President Barack Obama isn't the only government employee addicted to his BlackBerry.
Communication gadgets are becoming increasingly pervasive in daily government operations, from cell phones to personal computers to handheld devices.
But Sunshine Law advocates say Florida's open government laws have failed to keep pace. They worry these new devices could be creating a troubling black hole of public records.
"It's a problem," said Adria Harper, director of First Amendment Foundation in Tallahassee. "We just have to hope that our public officials are following the Sunshine Law and not trying to evade it."
State law requires that any records made in connection with official business be saved for public inspection. But it doesn't address newer technologies, including text messages, personal e-mail accounts or instant messages. Government workers say the very nature of these mediums make them nearly impossible to monitor or capture.
The state is only beginning to address these issues.
Gov. Charlie Crist's Commission on Open Government Reform released a report last month that recommended all agencies adopt policies and procedures to ensure public records created on personal computers are disclosed and retained according to law.
The nine-member commission also recommended "all agencies adopt policies that prohibit the use of text and instant messaging technologies during public meetings and/or hearings." This would prevent a government body from, say, conducting a private policy debate before a public vote.
The commission determined exchanges such as text messages and other "such messages which are transitory in nature, are analogous to the spoken word and the public records law most likely does not apply," according to the report.
Officials from the state Attorney General's office, however, say using text messages to skirt public record rules violates the law's spirit.
But because the ability to retain text messages varies so widely between cellular service providers, it is unlikely the state would be able to obtain the evidence necessary to prosecute.
"If you don't have evidence, you can't convict," said Alexis Lambert, Sunshine Law attorney for the Attorney General's Office.
AT&T, for example, removes text messages from its system once they are delivered to the intended wireless device. Even with a subpoena, the records cannot be retrieved, said spokeswoman Kelly Starling.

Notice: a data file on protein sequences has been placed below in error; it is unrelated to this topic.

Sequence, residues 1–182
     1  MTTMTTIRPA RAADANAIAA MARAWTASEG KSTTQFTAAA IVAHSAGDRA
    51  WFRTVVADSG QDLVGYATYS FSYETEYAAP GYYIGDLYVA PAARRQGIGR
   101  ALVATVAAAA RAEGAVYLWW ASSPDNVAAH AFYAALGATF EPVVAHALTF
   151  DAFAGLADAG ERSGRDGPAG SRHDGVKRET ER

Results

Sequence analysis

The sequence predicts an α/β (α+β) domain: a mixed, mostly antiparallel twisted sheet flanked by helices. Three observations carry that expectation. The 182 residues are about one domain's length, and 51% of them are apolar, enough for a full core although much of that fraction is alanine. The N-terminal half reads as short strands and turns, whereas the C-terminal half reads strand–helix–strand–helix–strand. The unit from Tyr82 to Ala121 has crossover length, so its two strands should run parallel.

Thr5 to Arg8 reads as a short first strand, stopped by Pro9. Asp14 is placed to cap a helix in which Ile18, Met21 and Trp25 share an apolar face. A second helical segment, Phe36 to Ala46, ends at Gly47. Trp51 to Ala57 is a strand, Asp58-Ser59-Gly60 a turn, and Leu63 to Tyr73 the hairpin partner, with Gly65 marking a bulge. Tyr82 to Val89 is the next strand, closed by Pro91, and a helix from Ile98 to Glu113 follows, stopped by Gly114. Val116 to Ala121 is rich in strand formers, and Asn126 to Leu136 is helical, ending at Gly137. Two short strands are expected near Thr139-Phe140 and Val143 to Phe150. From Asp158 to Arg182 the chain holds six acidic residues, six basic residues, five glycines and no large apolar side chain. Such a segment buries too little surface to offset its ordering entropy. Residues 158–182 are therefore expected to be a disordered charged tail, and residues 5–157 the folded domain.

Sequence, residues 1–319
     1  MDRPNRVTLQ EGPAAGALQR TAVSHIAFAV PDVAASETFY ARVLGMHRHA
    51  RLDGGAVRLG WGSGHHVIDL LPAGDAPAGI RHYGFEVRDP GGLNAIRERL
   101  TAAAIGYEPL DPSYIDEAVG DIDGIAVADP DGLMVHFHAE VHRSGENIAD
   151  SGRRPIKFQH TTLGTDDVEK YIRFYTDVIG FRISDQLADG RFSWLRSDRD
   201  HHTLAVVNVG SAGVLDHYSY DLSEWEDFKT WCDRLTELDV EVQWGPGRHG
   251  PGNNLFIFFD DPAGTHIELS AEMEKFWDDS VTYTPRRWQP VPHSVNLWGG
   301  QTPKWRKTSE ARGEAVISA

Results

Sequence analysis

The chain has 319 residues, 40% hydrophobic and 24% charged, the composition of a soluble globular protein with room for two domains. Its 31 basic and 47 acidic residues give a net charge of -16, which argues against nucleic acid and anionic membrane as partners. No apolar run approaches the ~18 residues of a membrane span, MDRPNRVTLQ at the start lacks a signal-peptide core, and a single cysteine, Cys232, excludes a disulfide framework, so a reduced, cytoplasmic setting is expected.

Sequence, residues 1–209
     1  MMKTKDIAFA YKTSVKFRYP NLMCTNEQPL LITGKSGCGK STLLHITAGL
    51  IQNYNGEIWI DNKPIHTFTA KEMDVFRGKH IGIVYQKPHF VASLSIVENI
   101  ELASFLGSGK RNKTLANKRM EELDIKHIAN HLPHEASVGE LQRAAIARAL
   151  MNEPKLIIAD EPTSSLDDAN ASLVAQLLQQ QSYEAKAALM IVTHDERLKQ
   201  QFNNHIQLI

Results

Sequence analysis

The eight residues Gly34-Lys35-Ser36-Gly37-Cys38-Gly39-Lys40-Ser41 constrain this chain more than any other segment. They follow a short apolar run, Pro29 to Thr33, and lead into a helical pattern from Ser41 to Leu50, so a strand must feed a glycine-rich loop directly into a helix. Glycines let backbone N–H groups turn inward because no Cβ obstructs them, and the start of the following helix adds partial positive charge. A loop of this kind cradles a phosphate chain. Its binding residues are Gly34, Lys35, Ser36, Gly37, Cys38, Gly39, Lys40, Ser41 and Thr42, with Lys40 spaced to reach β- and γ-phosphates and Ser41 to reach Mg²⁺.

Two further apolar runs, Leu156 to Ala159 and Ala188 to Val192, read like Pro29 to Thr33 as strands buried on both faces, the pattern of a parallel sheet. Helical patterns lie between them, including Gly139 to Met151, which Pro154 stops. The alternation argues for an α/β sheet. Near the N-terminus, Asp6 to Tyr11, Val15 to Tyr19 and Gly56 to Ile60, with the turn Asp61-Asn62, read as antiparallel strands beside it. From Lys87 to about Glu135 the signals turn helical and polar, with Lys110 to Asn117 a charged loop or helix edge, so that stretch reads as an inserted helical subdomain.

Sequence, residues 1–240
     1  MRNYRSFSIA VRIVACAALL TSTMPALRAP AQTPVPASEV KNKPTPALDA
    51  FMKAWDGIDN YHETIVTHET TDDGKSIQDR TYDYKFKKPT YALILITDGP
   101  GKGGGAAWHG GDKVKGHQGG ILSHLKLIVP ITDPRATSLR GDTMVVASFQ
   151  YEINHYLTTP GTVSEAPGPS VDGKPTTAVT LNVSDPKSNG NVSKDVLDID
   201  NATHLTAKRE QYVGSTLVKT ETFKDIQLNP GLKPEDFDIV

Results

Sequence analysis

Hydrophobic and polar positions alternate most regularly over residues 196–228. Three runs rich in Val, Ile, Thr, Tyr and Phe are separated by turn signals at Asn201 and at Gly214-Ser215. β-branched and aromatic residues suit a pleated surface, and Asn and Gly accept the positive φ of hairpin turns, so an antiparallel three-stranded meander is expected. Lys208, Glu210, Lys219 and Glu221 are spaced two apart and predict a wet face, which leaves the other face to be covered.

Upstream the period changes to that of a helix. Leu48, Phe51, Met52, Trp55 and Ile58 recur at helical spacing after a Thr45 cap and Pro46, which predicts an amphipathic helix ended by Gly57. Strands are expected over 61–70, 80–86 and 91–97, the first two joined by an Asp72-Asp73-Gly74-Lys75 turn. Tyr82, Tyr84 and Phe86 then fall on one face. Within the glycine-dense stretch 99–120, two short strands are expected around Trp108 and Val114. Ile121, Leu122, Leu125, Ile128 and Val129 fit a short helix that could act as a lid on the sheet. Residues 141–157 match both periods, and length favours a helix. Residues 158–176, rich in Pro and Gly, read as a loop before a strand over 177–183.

No easy solutions
Government officials in the Tampa Bay area say there is little that can be done to ensure employees abide by the Sunshine Law other than to discourage certain technologies.
"We try to manage what we can control," said Muslim Gadiwalla, chief information officer for the city of St. Petersburg. "This whole area is fairly new. Five years ago no one thought about any of this."
The city removed text messaging capabilities from most city phones in October after an employee racked up excessive charges, Gadiwalla said.
Pasco County doesn't provide cell phones to its employees, and text messages are disabled on all county BlackBerry accounts. But governments can't keep tabs on what employees do with their personal communications devices.
"If there is any texting that goes on with their own private phones, you would have to think that is only for their private use and it's not county business," said county spokesman Eric Keaton. "The county does not see that as something that needs to be monitored."
Others governments have embraced text messages despite the medium's ephemeral nature.
In Tampa, employees use them to stay in touch.
"I think we are more texting each other to say, 'Hey I'm at this address, I need this thing to do this work,' like, 'I'm a water person and I need an 8-inch pipe,' " said James Buckner, the city's chief information officer. "I like to think that's what it all is, but I really don't know."
Bucnker said Tampa automatically archives all employee e-mails and department directors must approve any new cell phone lines.
The city, however, can't capture communication between employees who log onto public sites such as Gmail, Facebook or AOL Instant Messenger to chat and there are no records of text messages sent to or from employee BlackBerry accounts.
"It's no different than voice communication. We are sitting here talking to each other on the telephone and that's not being recorded," said Buckner. "There is just going to be an ongoing challenge to be able to capture all government communication and I don't know if we are ever going to be able to get there."
Government officials also allow employees to self select which of their records are personal or public.
For example, when the Times requested to review text messages sent by St. Petersburg's lobbyist — one of a handful of city employees who still have text messaging service — the city said her 865 text messages were private, and therefore not public record. She reimbursed the city for at least $113 in charges.
Cristina Silva can be reached at (727) 893-8846 or firstname.lastname@example.org.